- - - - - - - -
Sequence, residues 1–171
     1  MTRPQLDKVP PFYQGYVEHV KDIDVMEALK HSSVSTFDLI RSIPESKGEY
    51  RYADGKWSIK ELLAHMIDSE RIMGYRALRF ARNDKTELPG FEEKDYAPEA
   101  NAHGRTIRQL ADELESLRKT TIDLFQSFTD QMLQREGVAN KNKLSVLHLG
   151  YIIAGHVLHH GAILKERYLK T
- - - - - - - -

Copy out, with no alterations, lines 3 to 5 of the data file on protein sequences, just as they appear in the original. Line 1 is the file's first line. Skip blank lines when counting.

    51  RYADGKWSIK ELLAHMIDSE RIMGYRALRF ARNDKTELPG FEEKDYAPEA
   101  NAHGRTIRQL ADELESLRKT TIDLFQSFTD QMLQREGVAN KNKLSVLHLG
   151  YIIAGHVLHH GAILKERYLK T